In the UK a Vehicle must take a Ministry of Transport Test after it is 3 years old, below is the failure sheet for my 3 year old Zafira...Damn Headlight allignment

MOT1.jpg
 
andyhui01 said:
I know this thread is about N.America and Britain but I would like to contribute to this thread as well :D
Insight from any country is more than welcome! :) I basically just put North America because that's where I'm from, and Britain because that's where all the good car shows emanate from. Heh heh.

So how do you feel about the regulations in Hong Kong, then? Sounds a bit excessive in some areas, but a good system overall. Much better than in some places. I used to visit Michigan fairly often and the condition of some of the cars I saw was downright frightening! Cars with the bumpers held on by rope, ones with no windows, some with suspension so badly broken it looked like it was driving in water, etc, etc... Not the kind of vehicles you'd want to trail behind for long!

The funniest I saw was one where it seemed like the guy wanted a low rider, but couldn't afford good rims, so he just put the ones he had on backwards! I can't imagine the damage that would cause, seen and unseen. That was one time where I wished I had a camera! :p
 
although I would agree its very strict... but I actually prefer it that way... some of you have been to Hong Kong and if you noticed, they are all very clean, everything is intact, no bumpers tied on by rope and everything.. all the cars are in excellent condition I must say... plus most of the cars are less than 15years old... even the E34 5-series still looks like new :D.... you probably don't know me well but I'm malaysian and when I go back to malaysia, the cars are all in such horrible condition I don't even know how they can be on the road.

and SkylineFreak, this is the sort of test they do in Hong Kong as well... I didin't know they are so strict on that... how the hell the the TG boys 150pound cars, 1500 pound porsches and coupes pass those tests?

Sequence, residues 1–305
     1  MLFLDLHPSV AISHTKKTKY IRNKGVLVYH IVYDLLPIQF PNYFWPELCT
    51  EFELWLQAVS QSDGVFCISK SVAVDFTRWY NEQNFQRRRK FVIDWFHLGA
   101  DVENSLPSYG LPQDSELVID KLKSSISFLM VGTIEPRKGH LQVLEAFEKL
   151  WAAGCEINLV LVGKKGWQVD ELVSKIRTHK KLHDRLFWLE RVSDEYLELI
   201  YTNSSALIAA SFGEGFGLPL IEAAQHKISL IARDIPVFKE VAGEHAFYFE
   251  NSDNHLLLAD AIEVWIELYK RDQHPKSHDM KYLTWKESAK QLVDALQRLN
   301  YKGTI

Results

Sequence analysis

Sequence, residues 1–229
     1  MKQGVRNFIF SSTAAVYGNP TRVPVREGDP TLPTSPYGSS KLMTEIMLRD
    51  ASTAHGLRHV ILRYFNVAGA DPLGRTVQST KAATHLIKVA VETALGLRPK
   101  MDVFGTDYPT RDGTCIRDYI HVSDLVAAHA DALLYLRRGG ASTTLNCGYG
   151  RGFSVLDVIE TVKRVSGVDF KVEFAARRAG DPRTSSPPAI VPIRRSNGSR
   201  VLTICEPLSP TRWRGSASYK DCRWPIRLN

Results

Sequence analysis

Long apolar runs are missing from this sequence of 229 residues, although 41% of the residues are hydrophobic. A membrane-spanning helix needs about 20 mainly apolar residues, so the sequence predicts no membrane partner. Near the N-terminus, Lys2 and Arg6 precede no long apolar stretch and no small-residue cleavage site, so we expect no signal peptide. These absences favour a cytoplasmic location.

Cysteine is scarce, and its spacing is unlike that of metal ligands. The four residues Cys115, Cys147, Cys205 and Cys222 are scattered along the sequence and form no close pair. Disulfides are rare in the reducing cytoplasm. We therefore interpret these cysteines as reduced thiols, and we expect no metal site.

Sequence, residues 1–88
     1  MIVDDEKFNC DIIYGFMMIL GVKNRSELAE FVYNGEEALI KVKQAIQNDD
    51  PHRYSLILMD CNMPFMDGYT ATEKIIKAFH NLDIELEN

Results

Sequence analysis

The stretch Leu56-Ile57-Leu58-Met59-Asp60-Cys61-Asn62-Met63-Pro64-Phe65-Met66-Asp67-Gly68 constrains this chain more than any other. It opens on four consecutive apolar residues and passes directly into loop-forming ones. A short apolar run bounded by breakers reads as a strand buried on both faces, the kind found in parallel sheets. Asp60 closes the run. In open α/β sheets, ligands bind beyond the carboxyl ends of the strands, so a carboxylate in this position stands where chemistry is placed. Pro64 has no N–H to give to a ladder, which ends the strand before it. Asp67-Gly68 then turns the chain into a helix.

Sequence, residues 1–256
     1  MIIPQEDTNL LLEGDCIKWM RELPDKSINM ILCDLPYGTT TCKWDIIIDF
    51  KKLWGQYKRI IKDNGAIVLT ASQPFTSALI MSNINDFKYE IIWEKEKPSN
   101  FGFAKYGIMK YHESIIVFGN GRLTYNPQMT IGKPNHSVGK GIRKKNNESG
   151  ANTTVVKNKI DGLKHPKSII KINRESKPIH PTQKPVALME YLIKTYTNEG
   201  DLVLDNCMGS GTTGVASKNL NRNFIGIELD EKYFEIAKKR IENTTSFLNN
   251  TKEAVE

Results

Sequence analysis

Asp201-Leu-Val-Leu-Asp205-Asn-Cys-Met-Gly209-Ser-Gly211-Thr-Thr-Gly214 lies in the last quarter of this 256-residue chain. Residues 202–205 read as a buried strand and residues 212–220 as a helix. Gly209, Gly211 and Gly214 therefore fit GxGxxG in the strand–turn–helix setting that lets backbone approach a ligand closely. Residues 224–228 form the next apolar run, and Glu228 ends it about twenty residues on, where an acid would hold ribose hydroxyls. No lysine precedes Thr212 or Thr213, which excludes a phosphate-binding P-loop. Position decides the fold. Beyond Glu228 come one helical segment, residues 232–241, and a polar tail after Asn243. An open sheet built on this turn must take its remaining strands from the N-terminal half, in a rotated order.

^ i also prefer having extremely strict emissions and shit like that just like HK. i love how clean all of HK's cars look... just amazing...
 
well I'm pretty sure that for a car to be legally sold in america it has to pass a lot more tests than it does to be sold in europe (we're talking imported cars, cars built in america don't have to pass these). All I know is that the car has to travel across the country from east coast to west coast without having any mechanical issues or something, remember reading about it when lotus said they wanted to sell the elise over there.
 
^^ It's doing 60k or 100k miles without changing anything in the car. And here we have periodic inspections too. In the 4th, 6th, 8th year, and every year after the 8th. If it's a commercial vehicule, it's much more frequent.

not that these prevent seeing some attrocities on the road... :?
 
Anyone know how come they had/have to add those big ugly bumpers to the Countach and other cars when they're sold in North America? 'Safety regulations' just don't sound like a good enough reason to me, as I figure "what's 30 pounds of plastic going to do to make it more safe?" Unless it has a steel bar hidden in there that's welded to the frame or something like that, it's more of an eyesore than anything else.